July: A Summer of Shorts

The long awaited summer blog special event is here!

I am taking a break from my usual BookRiot pound to dedicate the month of July to shorts.  I have a ton of collections of shorts, and every writer is made aware of the value of shorts in building his or her career, so I thought I would dedicate a month to getting through that part of the TBR as well as absorbing wisdom and artistry from the masters.

I have read a TON of short stories in my time where I have truly wondered what makes them great.  I bought a book from Writer’s Digest on how to write and understand what truly makes a good short story good, and it has helped understand the role of the element of surprise (and I’m not even done with it, so I’m sure there’s more to learn).  In the books I am reviewing today and through the month, these have surprised me but also pressed boundaries, made me rethink the mundane and the basic structures I have taken for granted, and gotten right in my face with issues facing society.

I can’t say I have exactly enjoyed reading them the whole way through, however.


Ayiti, Roxane Gay

This is a collection of her shorts published in other places all centered on the idea of Haiti and being an immigrant from Haiti to the US, or straddling the two worlds.

I love Roxane Gay, and although I have not been good at really getting my Twitter game off the ground, I have unabashedly logged on to see what she has to say.  Like when she tweeted that she dates women because she loves herself and when she’s freaking out about Ryan Seacrest.  True to form, she gave this book five stars on Goodreads.  I admire her because she has a fast tongue with an intelligent argument always perched at the tip.  I admire her intelligence and her unapologetic intensity.

Due to these things I don’t know why I ever thought I’d get through Ayiti easily, other than the audio is less than three hours long.  I was like oh wow TBR anyway and under three hours! Done in a snap for my July of Shorts.  Right.  Some of the books I am posting on for the Halloweeny reads are breaks from this book.  Granted work has been an especial challenge this month with assuming a coordinator position in the absence of my boss, which might have also amplified the need for diversion, but Ayiti is tough.  Beautiful, but tough.  In your face with the issues that are integral to some people’s lives. A woman in one story, an MD no less, is kidnapped and trafficked on her honeymoon. The reality of poverty in Haiti still.  The difficulty in going for a better life and trying to fit into the world of the better life, going between being an American but going back to Haitian roots on vacations.  I know why BookRiot encourages people to read about the immigrant experience. So we don’t get too comfy in our white privilege seats.  It’s a great collection of stories, but they aren’t easy.  Don’t let the two hours fool you.

the birthday of the world.jpg

The Birthday of the World and Other Stories, Ursula K. LeGuin

The late Ursula K. Le Guin has been hailed as a founder of speculative fiction, and this collection of shorts was no exception.  I noticed the stories in this collection are heavily influenced by cultural anthropology, feminism and Eastern philosophy, and I’m sure more things that I missed.  They are stories involving different family structures and inclusive of all sexual inclinations and make comments about ways that society could be set up differently.  The meaning of sexuality and inequality in these stories is what stood out to me most.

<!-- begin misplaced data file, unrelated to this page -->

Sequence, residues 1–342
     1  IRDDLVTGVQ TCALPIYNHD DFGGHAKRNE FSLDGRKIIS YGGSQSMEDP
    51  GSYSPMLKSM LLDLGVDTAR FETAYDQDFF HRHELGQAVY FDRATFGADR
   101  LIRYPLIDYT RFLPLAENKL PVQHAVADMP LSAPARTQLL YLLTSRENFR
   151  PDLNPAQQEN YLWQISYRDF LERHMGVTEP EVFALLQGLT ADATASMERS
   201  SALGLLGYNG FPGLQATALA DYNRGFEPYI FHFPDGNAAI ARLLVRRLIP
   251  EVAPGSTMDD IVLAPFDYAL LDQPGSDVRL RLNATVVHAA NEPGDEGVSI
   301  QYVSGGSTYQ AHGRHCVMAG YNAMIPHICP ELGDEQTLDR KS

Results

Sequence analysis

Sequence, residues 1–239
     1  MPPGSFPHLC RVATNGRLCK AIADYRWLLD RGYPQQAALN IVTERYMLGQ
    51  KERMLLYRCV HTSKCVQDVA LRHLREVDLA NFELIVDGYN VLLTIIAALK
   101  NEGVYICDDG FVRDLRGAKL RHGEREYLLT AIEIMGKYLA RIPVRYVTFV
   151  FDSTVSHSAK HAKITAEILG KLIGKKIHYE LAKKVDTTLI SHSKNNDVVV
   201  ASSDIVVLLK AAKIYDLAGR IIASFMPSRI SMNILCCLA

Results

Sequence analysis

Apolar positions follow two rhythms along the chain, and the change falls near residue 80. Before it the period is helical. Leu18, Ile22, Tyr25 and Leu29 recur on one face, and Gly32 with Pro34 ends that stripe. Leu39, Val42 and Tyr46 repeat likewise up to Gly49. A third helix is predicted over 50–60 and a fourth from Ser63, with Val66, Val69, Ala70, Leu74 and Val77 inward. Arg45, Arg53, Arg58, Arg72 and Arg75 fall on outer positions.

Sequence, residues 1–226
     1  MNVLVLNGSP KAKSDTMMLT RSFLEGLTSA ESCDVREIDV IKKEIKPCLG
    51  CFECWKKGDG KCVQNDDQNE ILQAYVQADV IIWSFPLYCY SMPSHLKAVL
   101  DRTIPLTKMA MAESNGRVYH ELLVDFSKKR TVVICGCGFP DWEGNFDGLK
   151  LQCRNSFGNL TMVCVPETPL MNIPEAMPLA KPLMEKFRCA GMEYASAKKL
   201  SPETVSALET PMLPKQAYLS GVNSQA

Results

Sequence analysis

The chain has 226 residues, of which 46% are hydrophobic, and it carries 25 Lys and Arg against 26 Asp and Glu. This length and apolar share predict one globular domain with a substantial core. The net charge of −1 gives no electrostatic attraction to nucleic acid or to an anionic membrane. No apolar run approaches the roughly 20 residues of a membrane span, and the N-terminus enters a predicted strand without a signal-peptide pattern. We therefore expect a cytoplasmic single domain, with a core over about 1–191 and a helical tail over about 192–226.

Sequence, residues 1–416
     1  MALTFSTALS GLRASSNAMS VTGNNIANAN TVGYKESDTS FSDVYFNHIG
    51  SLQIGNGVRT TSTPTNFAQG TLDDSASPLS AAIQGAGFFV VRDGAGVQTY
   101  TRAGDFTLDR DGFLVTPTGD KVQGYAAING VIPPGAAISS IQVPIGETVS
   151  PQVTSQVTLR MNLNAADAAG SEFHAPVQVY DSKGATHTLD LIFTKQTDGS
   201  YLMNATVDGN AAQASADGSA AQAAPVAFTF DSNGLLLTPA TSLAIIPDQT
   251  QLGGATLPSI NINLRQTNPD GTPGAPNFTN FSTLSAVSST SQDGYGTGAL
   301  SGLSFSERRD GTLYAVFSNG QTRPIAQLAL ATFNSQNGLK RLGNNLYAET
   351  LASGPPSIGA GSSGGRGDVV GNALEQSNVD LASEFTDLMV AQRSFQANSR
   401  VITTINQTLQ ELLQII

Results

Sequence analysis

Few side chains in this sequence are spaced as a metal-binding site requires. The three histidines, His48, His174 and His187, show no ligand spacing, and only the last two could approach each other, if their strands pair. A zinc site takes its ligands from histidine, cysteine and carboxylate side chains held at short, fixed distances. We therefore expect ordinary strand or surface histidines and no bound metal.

There is  no doubt that she has brilliant ideas brilliantly expressed.  And I have been scanning over Goodreads reviews by people with educational backgrounds in the very areas where she bores holes with her stories who are duly impressed.  But in some ways, this collection was not entirely for me.   I don’t know if I needed a more personal spin on stories, if they were too wide in scope for me or what. The stories were told from the point of views of individual characters, but I found myself disconnected at times, and very interested at other times with my thoughts stirred up.  At times I was ready for it to be done and at other times I wondered truly what it would be like to have a society where men were cosseted and put aside from the real world of women, or what it would be like to have four way marriages instead of two, or what it would be like to be in a world where children were not given clothes to wear until the age of seven.

It was a similar push pull that I experienced while reading A Wizard of Earthsea.

But for not even 20 hours of listening, these two books were a lot of time and work.  Effort.  Other books that were more escapism than facts of immigration, inequality and sexuality out there for all the thinking, crept in for consideration.

Maybe I just have a lot going on.

In other news my birthday was last week and in a glut of Amazon money I procured way more ebooks than a lady should ever admit to.  A true lady. I’m not one of those so I can safely say I think I bought 18.  In my defense some of them were for the seasons of holiday reads coming up, when shorts and BookRiot are taken care of.  Maybe there is no defense at all.  I did get a real bed for my dog though and I probably got one that was too small that I will have to exchange but I didn’t think of only myself.  Just mostly.

Shorts will continue at least through July.  I still need to read categories I have been procrastinating for BookRiot and I usually start racking up the scary reads in August to post on for the fall.




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